"It's more than that," I said. I started walking again.

Without even taking another step, he reached out and grabbed me once more. He pulled me back to him, so that we now stood even closer than before. I glanced uneasily around again, wondering if someone might see us, but the campus was deserted. It was early, not quite sunset, so early that most people probably weren't even up for the school day yet. We wouldn't see activity around here for at least another hour. Still, I was surprised to see Dimitri was still risking it.

"Tell me then," he said. "Tell me how it's more than that."

"You won't believe me," I said. "Don't you get it? No one will. Even you ... of all people." Something in that thought made my voice catch. Dimitri understood so much about me. I wanted - needed - him to understand this too.

"I'll...try. But I still don't think you really understand what's happening to you."

"I do," I said firmly. "That's what no one realizes. Look, you have to decide once and for all if you really do trust me. If you think I'm a child, too na?ve to get what's going on with her fragile mind, then you should just keep walking. But if you trust me enough to remember that I've seen things and know things that kind of surpass those of others my age...well, then you should also realize that I might know a little about what I'm talking about."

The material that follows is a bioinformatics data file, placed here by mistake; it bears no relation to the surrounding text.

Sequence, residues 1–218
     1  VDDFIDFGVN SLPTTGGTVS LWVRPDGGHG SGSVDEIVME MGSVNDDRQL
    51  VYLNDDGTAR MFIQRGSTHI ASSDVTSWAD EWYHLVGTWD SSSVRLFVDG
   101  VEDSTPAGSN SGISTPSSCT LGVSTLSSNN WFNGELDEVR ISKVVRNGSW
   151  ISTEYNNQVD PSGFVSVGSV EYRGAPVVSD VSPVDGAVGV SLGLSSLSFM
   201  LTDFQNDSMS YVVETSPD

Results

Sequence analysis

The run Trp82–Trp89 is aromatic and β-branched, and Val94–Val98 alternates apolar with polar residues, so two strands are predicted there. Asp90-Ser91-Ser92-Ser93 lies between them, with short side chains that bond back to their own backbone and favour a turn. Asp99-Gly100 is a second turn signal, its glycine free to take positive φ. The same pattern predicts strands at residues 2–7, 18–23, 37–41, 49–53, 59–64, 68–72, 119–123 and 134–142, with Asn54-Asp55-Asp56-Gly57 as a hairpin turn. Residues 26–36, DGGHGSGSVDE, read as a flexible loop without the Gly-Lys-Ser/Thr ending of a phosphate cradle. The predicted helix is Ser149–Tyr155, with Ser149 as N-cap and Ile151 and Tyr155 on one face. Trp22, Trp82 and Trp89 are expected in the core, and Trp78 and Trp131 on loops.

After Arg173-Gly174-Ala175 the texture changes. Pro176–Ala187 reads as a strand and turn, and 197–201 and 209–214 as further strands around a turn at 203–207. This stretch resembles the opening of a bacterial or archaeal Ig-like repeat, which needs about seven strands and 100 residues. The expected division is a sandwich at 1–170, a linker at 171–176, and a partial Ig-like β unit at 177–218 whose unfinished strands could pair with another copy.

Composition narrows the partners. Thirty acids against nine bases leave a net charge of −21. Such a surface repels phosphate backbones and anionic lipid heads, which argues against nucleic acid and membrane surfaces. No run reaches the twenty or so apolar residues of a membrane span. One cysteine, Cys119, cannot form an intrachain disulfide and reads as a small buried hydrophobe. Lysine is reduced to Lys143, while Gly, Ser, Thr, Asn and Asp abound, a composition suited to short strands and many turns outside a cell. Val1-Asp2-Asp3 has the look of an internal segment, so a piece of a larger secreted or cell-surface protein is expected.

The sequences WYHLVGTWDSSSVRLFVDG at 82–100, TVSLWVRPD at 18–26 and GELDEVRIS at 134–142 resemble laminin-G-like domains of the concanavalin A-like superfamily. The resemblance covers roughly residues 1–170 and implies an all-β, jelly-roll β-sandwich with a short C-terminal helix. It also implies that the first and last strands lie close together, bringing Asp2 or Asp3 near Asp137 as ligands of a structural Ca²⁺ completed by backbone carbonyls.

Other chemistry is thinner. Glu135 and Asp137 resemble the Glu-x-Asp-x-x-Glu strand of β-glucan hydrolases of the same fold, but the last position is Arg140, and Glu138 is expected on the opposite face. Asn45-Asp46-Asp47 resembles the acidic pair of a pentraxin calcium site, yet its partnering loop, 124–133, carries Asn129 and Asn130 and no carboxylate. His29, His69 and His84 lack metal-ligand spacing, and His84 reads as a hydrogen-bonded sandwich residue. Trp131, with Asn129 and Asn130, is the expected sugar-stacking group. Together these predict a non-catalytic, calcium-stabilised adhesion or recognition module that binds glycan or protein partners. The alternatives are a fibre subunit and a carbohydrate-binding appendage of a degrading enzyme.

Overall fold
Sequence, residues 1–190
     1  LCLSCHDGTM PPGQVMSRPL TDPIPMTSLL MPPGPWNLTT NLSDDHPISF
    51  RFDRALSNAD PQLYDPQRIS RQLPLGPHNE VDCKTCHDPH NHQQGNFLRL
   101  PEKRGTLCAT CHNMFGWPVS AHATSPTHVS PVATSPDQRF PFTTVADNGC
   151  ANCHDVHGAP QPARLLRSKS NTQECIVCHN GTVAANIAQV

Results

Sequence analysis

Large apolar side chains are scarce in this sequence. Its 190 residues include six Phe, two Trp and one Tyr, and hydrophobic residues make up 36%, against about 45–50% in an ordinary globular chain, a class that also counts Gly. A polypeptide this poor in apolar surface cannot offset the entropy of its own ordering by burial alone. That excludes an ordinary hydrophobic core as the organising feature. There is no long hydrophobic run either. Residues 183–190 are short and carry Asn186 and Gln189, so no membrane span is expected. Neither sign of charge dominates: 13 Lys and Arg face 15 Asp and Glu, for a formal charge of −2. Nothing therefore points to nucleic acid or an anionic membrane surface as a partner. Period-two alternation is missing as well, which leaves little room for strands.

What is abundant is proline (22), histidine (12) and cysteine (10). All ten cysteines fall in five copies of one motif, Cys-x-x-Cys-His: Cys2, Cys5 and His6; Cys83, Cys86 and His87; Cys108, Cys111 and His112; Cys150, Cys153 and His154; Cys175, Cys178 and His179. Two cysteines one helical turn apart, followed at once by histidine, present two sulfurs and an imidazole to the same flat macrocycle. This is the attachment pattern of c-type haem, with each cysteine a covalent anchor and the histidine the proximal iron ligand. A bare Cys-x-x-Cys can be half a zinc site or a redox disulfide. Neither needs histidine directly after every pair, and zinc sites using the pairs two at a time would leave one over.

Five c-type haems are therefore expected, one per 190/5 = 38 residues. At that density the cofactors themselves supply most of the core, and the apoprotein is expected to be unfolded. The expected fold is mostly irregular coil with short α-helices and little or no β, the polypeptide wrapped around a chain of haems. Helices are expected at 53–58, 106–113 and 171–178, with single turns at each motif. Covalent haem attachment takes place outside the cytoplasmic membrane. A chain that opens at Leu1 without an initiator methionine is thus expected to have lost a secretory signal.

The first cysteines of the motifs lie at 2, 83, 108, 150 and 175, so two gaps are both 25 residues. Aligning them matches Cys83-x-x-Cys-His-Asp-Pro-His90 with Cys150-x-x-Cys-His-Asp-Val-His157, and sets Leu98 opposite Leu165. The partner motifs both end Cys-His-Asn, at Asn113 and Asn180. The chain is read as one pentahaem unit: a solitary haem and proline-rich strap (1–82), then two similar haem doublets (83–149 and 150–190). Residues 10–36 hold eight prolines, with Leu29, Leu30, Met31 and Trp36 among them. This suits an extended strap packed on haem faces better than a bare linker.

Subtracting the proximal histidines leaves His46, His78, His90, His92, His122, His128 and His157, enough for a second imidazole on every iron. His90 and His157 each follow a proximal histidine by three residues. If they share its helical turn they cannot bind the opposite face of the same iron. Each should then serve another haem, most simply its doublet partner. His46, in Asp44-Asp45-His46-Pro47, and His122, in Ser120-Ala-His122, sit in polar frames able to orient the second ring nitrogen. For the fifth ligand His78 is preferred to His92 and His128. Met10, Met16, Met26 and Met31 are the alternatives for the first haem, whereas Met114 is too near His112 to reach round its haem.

A lukewarm breeze, damp with the scent of melted snow, swirled around us. "I do trust you, Roza. But... I don't believe in ghosts."

The earnestness was there. He did want to reach out to me, to understand...but even as he did, it warred with beliefs he wasn't ready to change yet. It was ironic, considering tarot cards apparently spooked him.

"Will you try to?" I asked. "Or at the very least try not to write this off to some psychosis?"

"Yes. That I can do."

So I told him about my first couple of Mason sightings and how I'd been afraid to explain the Stan incident to anyone. I talked about the shapes I'd seen on the plane and described in more detail what I'd seen on the ground.

"Doesn't it seem kind of, um, specific for a random stress reaction?" I asked when I finished.